Home ViewpointEditorial Getting the Police back on beat

Getting the Police back on beat

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Getting the Police back on beat

Over ten days since the Inspec-tor General of Police, Mohammed Adamu, ordered the Assistant Inspectors General, AIGs and Commissioners of Police, COMPOLs, to mobilise police personnel back to their beats, Nigerians have had to endure the unsavoury and uncanny situation of near-total absence of law enforcement agents in the polity.

In the major urban areas, lack of presence of law enforcers, coupled with the destruction of traffic lights by hoodlums, has worsened traffic nightmares. In some neighbourhoods, “area boys” and armed robbers have operated unchallenged, while travellers have been extorted and robbed on the highways.

Several reasons are adduced for the failure of policemen and women to resume their duties. Over 200 police stations were destroyed, while several police officers lost their lives during the anarchy. Many police officers lack the necessary equipment and facility to do their work. The Force as a whole is still moody over the public uprising against them.

Whatever it may be, we call on the police authorities to encourage their officers and men to snap out of it and resume duty. The Constitution mandates the Police to act as the primary state agency of law enforcement in our democracy. There is no condition under which the Constitution allows the country to go unpoliced.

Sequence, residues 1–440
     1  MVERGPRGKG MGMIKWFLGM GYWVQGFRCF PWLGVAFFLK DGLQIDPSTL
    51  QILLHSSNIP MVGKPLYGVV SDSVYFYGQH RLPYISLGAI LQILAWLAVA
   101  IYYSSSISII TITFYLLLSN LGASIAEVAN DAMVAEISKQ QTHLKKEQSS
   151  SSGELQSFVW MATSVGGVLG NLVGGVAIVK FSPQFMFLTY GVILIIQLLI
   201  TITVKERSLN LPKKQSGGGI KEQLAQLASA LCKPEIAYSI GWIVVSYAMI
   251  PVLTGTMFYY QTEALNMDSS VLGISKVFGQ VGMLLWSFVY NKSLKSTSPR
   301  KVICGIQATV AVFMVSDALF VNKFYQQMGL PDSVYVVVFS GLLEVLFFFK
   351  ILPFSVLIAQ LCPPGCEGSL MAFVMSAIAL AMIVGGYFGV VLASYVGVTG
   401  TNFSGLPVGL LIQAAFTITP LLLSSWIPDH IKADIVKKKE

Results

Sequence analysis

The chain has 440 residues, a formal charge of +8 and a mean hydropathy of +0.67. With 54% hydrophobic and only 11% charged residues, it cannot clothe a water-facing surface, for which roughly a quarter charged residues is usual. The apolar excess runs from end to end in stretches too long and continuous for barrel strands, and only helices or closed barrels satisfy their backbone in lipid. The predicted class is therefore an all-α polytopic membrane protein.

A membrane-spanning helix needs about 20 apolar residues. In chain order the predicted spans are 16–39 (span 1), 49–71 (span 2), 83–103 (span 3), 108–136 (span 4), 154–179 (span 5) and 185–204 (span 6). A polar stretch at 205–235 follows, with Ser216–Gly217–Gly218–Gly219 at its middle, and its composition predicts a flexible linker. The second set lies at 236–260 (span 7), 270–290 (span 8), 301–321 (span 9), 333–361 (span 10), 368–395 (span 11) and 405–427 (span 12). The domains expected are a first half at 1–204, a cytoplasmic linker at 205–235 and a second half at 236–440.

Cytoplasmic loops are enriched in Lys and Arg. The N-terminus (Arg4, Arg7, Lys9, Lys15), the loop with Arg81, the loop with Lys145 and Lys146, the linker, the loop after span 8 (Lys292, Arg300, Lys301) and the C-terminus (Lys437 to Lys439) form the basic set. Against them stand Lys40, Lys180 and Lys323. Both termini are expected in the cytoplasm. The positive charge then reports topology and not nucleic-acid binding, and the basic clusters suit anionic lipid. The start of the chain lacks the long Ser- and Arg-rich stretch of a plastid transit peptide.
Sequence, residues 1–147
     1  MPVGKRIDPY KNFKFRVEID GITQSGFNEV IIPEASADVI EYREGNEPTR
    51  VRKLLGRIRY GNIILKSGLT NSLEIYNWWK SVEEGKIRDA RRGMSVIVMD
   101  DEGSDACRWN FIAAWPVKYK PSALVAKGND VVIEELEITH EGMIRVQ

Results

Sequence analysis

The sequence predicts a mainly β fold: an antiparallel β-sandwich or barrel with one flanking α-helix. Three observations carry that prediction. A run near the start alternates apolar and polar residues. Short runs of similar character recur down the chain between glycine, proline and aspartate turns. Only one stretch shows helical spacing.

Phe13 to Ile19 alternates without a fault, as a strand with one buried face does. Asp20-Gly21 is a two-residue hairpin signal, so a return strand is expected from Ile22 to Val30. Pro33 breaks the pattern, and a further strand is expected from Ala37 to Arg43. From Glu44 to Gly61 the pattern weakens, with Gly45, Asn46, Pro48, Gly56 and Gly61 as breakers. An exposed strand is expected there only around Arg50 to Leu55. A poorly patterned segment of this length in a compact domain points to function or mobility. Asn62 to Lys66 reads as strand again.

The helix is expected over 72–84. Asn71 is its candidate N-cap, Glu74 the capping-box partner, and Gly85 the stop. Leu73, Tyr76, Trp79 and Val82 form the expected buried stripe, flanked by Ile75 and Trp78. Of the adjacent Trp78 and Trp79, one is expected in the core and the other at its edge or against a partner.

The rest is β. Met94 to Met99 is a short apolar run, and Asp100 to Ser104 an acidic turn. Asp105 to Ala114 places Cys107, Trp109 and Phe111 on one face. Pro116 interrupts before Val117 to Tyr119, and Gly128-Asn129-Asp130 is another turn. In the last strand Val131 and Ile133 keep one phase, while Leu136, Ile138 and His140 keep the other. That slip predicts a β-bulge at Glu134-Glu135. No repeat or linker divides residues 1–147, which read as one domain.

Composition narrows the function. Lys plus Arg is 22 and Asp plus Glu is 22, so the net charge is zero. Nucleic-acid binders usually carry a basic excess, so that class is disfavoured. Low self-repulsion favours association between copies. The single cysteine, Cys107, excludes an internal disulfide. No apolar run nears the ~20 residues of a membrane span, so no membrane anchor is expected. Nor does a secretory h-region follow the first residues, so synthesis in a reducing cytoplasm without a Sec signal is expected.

Rather than deliberately fold their arms, the Police and all agencies of security and law enforcement should learn from what happened and put it behind them. The people are the masters of all government employees from top to bottom.

The #EndSARS protest was a patriotic action aimed at eliminating rogue behaviour among our policemen while also prevailing on the Federal Government to improve their lot in terms of remuneration, welfare, training and equipment. There is also the need to weed out bad eggs from the Force, while the citizenry must learn to respect and appreciate the efforts of the Police to serve and protect them.

We cannot do without the Police, and they cannot do without us. Gone forever should be the situation where police officers believe they can intimidate, harass, extort or even kill fellow citizens “and nothing will happen”. This is no longer acceptable.

We look forward to our policemen and women coming back to their beats and performing their jobs in a manner to rebuild trust, confidence and cooperation with members of the public. The mantra: “Police is your friend”, should be put in practice.

As the federal and various state governments have set up panels of inquiry to probe the problems that led to the protest with a view to bringing lawbreakers to book, we urge the leaders of the protest and social advocacy groups to prevail on government to implement the agenda for Police reform.

Police personnel are also victims of bad government. We must also fight for them.

VANGUARD



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